Voluntary House Arrest

I want to share one of the best decisions we made in those first few months after our baby girl was born. We were reluctant and, at times, wanted to throw in the towel, but, in hindsight, we’re so glad we listened to my mom on this one. 

In many parts of India, after a baby is born, the mother and child will not leave the home and not have visitors for the first 100 days.  Only immediate family could visit. We adopted this practice. This was hard for some friends and relatives and for us, who so needed the social interaction and just a break from the grueling time of caring for a newborn. 

Doctors visits were expected so that wasn’t off the table but, otherwise, our friends didn’t meet our precious daughter until she was almost 4 months old.  And we’re so glad. As the mom, my job was to focus on taking care of my daughter while my husband and mother helped take care of her and me. I didn’t have to worry about hosting anyone, asking people to come or leave at certain times, getting dressed or entertaining. I could help my body recover from an unwanted c-section and the disappointment of that, deal with the struggles that come with breastfeeding, and bond with my daughter without distraction.

My husband and I realized that we would never again, for the rest of our lives, have our daughter to ourselves, not having to share her with anyone. As time passed, we settled into our decision and, when needed, I made exciting trips to the post office or grocery store for more stimulation. At month 4, we hosted friends and family every weekend and boy was that exhausting. Once we got over the protectiveness and not wanting to share her, we were coordinating schedules, buying groceries, preparing meals for guests, and working around her schedule. We realized what a blessing those 100 days were.

I believe this tradition came about for several reasons. At the basic level, it was to protect baby’s immunity and from all the germs we carry day to day. Even more importantly, though, I think it was to protect baby’s heart and mind from the negative energy that we pick up or some individual’s carry.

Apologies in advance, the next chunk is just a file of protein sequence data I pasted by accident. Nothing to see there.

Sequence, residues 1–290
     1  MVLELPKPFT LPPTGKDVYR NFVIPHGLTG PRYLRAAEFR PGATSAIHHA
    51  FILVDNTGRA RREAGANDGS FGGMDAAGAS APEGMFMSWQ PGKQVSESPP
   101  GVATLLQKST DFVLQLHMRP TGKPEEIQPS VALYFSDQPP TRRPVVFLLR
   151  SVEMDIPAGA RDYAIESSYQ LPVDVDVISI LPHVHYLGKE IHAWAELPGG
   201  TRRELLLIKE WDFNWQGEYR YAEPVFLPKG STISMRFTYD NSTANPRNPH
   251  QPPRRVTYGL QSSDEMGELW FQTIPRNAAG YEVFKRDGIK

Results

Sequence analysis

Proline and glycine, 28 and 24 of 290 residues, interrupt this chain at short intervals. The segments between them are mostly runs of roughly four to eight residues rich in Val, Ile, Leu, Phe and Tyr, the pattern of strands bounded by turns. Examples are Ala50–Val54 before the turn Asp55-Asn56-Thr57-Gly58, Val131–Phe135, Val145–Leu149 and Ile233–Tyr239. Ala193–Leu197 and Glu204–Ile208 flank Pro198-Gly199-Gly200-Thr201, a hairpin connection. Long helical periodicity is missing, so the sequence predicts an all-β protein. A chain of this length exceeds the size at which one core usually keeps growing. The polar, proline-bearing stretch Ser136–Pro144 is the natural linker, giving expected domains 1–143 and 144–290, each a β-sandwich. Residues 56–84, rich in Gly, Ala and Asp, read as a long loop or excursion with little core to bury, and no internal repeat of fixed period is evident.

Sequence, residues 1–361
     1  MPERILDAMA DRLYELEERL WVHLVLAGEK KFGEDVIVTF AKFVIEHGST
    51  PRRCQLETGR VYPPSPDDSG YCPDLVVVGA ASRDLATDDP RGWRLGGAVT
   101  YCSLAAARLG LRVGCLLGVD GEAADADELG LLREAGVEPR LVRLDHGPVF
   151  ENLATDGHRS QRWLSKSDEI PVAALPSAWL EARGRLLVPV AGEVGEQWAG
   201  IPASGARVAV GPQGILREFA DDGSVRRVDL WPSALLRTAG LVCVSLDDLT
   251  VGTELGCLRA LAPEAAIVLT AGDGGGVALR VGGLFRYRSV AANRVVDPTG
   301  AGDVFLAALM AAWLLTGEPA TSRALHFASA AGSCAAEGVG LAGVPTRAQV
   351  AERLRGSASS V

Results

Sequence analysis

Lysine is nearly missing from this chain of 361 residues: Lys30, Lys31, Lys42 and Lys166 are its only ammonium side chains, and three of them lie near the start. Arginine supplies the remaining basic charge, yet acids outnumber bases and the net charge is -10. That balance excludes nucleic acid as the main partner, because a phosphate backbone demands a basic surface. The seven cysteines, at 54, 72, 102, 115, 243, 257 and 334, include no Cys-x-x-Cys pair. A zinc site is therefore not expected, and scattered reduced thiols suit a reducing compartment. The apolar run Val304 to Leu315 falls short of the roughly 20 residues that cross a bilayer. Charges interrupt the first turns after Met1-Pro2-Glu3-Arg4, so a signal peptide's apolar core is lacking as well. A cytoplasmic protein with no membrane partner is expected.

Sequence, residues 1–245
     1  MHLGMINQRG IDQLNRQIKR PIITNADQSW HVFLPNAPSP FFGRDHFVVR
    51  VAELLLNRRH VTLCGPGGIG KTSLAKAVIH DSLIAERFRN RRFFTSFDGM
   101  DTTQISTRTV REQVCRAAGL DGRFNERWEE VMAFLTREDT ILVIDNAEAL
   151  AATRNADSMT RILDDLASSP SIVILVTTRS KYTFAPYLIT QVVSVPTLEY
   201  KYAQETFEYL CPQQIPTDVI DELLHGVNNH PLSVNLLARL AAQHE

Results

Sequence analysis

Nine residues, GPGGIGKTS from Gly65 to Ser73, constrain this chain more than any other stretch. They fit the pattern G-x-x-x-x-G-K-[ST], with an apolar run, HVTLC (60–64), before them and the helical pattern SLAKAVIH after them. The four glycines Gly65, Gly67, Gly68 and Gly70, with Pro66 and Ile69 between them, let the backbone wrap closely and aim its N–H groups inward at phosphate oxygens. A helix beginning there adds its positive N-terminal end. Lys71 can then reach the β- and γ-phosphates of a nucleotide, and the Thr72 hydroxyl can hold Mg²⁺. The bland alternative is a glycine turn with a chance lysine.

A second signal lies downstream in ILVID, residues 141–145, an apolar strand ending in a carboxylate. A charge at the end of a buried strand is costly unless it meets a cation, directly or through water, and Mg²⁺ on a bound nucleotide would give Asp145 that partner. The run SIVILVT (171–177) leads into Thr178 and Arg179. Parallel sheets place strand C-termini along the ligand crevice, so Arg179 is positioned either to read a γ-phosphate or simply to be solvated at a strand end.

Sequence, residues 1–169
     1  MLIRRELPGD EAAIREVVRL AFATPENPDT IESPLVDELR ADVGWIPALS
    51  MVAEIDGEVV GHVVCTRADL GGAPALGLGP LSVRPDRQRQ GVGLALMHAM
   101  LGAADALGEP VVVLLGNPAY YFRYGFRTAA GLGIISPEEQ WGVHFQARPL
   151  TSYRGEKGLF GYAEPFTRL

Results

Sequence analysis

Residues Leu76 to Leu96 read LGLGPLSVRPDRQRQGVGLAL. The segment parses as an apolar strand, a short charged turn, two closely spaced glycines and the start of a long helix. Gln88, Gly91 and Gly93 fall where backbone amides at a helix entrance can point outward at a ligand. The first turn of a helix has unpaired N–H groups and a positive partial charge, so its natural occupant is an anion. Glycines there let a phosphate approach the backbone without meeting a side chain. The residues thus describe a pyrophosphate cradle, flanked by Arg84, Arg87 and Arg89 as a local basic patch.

Our daughter is a total firecracker and can very much be a toddler at times. However, overall, she is calm, astute, compassionate and we believe those first months had a lot to do with her nature that is void of anxiety and fear.

All of my nieces and nephews also enjoyed this initial period of hibernation and I can attest to their similar natures. I’ve suggested this to friends who refused to try it because of the number of relatives in the area or their need for social interaction (I get it, trust me) but when hearing from them after that 4th trimester, each of them has shared how they wished they had done the same- how they recall running up to their room and crying because they just needed a break and the house was filled with loving but needy guests. This was even worse for those who didn’t have parents staying with them to help. I hurt for them and how they were robbed of the ability to recover and heal at their pace. Don’t get me started at the inadequate time a mother and/or father get with their babies and to recover before having to go back to work.

I completely understand why this practice came to be and know that many other cultures worldwide follow similar traditions.  I will, without hesitation, repeat this with children in the future. Even if 90 or 100 days is more than you can do, try 30, 45, or 60 as time for you and baby alone. Trust me, you nor your baby will regret it.

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